Most of the actors hired for the translation work here have really put in a shift - Amanda Winn nails lead character Rally’s streetwise yet occasionally temperamental nature, while Kimberly Yates’ vocal depiction of Rally’s partner May pretty much captures her character’s essence - cute, and slightly unhinged. This perfect matching goes all the way down to the support characters too - Rob Mungle gives Bill Collins’ one-liners the corny smarm they demand (“I’m a real Eliot Ness, pussycat”), and even the Cats’ chief informant Becky - and her long-running despair for being made to do work for them without the pay - is made to stand out thanks to Tiffany Grant’s efforts. For the baddies, Haights’ hired assassin Radinov is most definitely the focal villain of the show, and the faux-Russian accent provided for her by actress Marcy Rae is both suitably cheesy and effective for a series that prizes both goofiness and dramatics in equal measure. Collectively, the entire cast also have a great understanding of this seemingly contradictory balance - and know exactly what is required of them for each and every scene they’re put through. Ultimately, it all adds up to a localization that feels confident and American - so much so, that you could even end up forgetting that this was a Japanese-made animation, if not for certain inevitabilities that the medium of anime itself throw into the mix.
You see, Gunsmith Cats is still very much an anime - specifically one with two female leads in an action show that, traditionally, has always been a genre aimed at guys. Essentially what this means is that, occasionally, it’s also going to give said demographic a modicum of ‘fan service’ now and then. This boils down to the odd scene where either one of the girls could be shown in a state of undress - usually their undies - as they hang around their own apartment figuring how to dig up more leads for their case, or a fast-moving action sequence that naturally results in a shirt being torn to reveal a bra. There is literally only one shot of actual nudity to speak of - a shot of a softcore porn site on a computer screen - but there is definitely an element of mild ecchi at play throughout the show, which may switch off those of a more conservative nature. The rest of us - especially those who know of the awful depths of perviness that anime can sink to - should find nothing to raise an eyebrow about, but it is still worth bringing up nonetheless, if only to those new to anime in general.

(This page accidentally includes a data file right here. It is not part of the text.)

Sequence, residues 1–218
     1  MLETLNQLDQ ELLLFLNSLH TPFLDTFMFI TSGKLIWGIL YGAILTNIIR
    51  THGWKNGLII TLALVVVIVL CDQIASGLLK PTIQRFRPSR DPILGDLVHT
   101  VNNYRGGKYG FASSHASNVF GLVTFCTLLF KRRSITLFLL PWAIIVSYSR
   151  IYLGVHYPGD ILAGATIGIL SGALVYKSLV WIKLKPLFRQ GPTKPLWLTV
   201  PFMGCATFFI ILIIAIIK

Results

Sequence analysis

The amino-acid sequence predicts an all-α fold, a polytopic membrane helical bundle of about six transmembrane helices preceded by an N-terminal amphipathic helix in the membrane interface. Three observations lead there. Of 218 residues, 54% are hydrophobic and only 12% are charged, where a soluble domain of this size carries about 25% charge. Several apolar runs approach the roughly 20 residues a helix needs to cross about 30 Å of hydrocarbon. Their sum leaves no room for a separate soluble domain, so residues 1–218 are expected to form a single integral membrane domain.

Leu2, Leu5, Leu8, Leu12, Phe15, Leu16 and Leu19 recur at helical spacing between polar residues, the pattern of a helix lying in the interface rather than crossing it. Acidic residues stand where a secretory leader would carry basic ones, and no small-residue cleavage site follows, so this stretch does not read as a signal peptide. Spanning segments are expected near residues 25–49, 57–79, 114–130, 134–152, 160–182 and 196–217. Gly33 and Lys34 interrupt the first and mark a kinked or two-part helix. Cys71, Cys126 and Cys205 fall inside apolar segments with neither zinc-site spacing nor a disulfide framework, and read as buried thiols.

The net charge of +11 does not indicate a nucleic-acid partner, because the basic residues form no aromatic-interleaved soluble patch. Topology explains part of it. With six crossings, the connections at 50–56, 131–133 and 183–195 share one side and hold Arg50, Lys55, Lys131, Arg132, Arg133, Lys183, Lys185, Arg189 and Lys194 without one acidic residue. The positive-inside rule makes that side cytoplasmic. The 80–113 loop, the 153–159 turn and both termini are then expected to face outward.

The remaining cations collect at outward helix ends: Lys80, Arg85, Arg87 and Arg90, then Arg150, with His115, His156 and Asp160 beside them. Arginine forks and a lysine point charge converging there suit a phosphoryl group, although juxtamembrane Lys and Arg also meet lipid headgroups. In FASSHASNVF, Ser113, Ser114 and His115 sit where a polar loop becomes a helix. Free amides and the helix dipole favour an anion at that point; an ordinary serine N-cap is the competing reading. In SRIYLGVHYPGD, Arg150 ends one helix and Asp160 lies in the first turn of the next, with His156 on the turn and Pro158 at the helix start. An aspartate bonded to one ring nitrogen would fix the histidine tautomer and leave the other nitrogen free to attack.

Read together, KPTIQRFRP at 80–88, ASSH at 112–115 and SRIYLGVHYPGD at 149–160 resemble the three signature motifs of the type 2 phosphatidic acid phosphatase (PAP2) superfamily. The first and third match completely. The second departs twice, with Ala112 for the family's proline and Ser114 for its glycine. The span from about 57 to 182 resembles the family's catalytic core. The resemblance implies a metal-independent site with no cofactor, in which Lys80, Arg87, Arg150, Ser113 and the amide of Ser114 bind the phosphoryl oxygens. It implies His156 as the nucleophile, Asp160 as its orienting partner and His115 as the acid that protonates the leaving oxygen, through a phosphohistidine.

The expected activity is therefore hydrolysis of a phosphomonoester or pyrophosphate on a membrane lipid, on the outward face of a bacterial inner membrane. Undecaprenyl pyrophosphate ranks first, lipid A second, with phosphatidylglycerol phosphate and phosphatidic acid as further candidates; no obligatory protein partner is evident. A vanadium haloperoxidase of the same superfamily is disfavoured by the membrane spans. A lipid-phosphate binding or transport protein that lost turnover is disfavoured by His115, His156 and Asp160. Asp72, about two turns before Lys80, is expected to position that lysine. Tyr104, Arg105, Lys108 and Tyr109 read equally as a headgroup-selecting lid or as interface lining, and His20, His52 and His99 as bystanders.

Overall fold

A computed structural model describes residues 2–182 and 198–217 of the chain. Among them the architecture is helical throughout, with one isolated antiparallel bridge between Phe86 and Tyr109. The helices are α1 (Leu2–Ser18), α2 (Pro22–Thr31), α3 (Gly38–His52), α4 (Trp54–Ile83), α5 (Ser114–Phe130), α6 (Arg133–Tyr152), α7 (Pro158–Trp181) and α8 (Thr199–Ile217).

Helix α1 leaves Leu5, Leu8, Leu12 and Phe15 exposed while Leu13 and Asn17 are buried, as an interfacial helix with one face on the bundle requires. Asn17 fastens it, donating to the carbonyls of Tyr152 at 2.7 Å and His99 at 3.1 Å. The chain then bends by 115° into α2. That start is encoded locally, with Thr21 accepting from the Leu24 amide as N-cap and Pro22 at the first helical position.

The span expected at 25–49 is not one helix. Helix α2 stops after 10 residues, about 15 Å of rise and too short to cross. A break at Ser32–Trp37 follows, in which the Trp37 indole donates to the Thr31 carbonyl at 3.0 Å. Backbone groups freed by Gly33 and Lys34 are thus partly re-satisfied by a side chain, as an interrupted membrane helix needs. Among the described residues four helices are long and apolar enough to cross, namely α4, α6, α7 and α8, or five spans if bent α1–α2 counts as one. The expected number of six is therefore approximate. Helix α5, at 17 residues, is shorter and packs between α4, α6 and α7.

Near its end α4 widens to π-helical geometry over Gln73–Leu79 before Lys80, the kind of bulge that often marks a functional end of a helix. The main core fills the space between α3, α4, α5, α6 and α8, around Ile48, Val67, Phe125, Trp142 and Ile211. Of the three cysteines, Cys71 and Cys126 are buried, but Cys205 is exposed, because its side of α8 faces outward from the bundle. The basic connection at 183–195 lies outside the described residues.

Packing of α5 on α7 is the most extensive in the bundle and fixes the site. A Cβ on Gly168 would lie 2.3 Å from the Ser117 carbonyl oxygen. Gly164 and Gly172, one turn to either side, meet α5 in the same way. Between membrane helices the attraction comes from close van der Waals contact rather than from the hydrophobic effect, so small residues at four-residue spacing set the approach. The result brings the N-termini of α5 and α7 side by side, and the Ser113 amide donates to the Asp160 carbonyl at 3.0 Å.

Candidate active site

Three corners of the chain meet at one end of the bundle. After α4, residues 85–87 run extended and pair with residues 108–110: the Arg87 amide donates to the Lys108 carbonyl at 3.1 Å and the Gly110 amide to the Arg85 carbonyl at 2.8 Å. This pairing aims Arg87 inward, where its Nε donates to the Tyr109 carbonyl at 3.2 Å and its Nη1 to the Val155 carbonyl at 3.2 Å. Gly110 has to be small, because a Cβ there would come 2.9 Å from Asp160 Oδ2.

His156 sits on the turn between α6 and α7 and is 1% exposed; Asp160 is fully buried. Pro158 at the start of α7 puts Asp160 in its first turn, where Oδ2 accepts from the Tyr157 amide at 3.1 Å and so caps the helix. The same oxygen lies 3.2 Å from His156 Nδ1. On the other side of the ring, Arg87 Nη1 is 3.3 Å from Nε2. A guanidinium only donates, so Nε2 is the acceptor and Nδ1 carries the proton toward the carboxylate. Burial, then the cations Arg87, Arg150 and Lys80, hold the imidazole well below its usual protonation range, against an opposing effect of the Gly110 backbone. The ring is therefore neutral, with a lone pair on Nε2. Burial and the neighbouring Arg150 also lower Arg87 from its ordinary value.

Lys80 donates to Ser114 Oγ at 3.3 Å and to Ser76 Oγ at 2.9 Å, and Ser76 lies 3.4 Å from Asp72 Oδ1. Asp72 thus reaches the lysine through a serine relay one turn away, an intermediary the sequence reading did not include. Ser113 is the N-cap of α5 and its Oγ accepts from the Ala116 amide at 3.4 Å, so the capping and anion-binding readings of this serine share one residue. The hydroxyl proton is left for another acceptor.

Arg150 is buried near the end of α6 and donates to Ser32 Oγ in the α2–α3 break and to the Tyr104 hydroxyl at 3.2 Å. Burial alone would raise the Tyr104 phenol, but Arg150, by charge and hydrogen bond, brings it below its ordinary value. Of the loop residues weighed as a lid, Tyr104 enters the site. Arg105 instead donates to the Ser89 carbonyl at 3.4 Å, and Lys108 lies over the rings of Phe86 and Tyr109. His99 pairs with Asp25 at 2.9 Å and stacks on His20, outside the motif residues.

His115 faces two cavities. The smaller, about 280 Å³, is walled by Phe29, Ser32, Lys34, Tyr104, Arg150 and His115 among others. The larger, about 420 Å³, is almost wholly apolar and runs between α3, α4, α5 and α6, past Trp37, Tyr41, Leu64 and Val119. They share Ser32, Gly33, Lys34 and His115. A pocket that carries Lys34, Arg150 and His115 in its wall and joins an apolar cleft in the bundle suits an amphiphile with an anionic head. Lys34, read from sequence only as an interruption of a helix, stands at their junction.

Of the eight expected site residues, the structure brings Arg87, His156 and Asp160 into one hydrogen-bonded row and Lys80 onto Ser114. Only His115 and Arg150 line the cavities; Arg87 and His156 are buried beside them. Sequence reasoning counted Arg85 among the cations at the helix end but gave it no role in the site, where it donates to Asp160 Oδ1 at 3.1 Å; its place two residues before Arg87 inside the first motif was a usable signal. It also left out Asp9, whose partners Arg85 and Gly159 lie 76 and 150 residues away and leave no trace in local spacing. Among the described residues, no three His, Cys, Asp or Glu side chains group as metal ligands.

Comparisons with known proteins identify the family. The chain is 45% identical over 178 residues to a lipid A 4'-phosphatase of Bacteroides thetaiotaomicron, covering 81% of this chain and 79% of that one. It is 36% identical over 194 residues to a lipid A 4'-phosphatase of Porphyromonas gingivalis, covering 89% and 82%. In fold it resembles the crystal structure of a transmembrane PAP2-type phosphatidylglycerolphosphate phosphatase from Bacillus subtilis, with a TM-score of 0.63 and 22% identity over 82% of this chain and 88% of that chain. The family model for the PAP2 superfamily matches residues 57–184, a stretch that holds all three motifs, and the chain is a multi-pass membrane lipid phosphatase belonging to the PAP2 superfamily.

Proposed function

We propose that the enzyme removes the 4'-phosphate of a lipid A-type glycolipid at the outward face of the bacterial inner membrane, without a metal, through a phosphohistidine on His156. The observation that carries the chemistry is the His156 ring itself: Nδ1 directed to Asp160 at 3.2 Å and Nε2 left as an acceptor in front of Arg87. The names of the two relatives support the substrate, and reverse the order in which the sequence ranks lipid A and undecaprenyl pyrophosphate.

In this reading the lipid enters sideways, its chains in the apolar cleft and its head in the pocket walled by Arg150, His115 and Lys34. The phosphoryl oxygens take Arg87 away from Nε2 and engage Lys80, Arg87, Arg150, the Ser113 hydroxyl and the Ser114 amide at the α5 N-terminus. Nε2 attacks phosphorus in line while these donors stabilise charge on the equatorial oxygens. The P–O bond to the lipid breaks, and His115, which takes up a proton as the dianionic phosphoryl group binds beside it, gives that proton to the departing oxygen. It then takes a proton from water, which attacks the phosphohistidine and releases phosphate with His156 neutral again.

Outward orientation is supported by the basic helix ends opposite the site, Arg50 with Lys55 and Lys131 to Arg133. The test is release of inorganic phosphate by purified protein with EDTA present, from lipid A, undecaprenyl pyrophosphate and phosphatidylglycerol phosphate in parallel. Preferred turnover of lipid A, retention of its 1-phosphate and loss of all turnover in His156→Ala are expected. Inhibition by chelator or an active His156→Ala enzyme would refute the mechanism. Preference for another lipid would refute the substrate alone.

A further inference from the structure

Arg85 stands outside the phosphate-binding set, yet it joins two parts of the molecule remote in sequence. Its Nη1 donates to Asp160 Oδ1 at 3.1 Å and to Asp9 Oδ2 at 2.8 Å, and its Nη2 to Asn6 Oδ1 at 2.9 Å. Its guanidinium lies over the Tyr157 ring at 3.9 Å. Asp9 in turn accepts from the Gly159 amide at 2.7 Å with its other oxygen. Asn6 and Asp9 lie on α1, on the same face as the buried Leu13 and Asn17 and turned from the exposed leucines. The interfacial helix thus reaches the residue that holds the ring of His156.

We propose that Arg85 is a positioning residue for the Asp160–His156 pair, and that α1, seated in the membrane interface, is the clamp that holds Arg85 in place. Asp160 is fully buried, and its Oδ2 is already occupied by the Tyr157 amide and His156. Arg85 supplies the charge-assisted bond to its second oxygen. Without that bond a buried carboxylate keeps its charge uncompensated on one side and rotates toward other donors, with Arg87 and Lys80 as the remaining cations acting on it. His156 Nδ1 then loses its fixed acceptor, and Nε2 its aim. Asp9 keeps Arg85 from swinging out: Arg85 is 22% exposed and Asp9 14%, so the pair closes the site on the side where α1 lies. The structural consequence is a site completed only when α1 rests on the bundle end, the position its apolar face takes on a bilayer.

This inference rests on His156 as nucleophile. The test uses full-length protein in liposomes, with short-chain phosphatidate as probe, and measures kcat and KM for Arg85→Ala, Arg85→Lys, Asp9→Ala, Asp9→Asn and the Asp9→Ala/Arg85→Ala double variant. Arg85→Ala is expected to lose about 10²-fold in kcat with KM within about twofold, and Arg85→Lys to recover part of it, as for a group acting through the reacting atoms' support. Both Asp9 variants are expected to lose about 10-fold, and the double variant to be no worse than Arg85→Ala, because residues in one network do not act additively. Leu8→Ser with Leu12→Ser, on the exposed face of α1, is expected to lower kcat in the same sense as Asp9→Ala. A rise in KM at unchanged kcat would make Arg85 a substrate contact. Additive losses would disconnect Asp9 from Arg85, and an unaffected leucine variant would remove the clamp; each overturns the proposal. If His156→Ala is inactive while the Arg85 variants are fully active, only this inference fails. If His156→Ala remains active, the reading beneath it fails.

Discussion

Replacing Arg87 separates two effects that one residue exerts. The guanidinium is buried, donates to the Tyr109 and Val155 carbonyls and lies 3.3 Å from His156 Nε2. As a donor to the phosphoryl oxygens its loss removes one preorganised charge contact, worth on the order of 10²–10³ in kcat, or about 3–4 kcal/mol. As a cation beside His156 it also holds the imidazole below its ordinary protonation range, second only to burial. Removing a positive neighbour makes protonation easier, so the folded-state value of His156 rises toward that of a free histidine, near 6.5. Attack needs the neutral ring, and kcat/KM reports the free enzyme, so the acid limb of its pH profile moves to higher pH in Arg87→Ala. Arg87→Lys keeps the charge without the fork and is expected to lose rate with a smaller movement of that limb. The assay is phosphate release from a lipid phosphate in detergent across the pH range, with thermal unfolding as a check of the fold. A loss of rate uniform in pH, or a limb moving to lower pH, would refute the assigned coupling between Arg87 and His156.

Same goes for the violence too - given that Gunsmith Cats is essentially an anime interpretation of the classic American cop thriller, there is a noticeable amount of blood to go with all the bullets. Again, it’s comparable to watching a regular TV show or film of the same ilk - but those who still believe cartoons are just for kids will probably find a reason to be outraged by it. If you’re not the type to be offended by such things though, and especially if you’re new to Japanese animation, Gunsmith Cats may just be your ticket to a great time, even despite its age. It’s a great pastiche of pulp-crime Americana, filtered via a definitively Japanese medium of art, that somehow manages to bridge the divide between the two without any sign of awkwardness. In fact, it’s one major weakness is that it is just too bloody short - a mere three episodes is nowhere near enough to satisfy one’s appetite for the kind of laughs and lead-spraying action that these two girls and the cops of Chicago provide. One can only hope for a new series somewhere down the line - but for now, fans of both manga and Magnum P.I alike will find that Gunsmith Cats still packs a real punch, and delivers for their niche in explosive, highly amusing fashion.
Unfortunately, the original licensor of Gunsmith Cats in the West, ADV Films, went bust in 2009, making this series quite the rare item to find. You can still find it on DVD being sold by independent sellers on Amazon and eBay, but the prices are extortionate for a single disc holding just three episodes. Unless you're a serious collector, your best bet is to look for a stream online. Google is your friend :)
Media utilized in article is property of: Kenichi Sonoda / ADV Films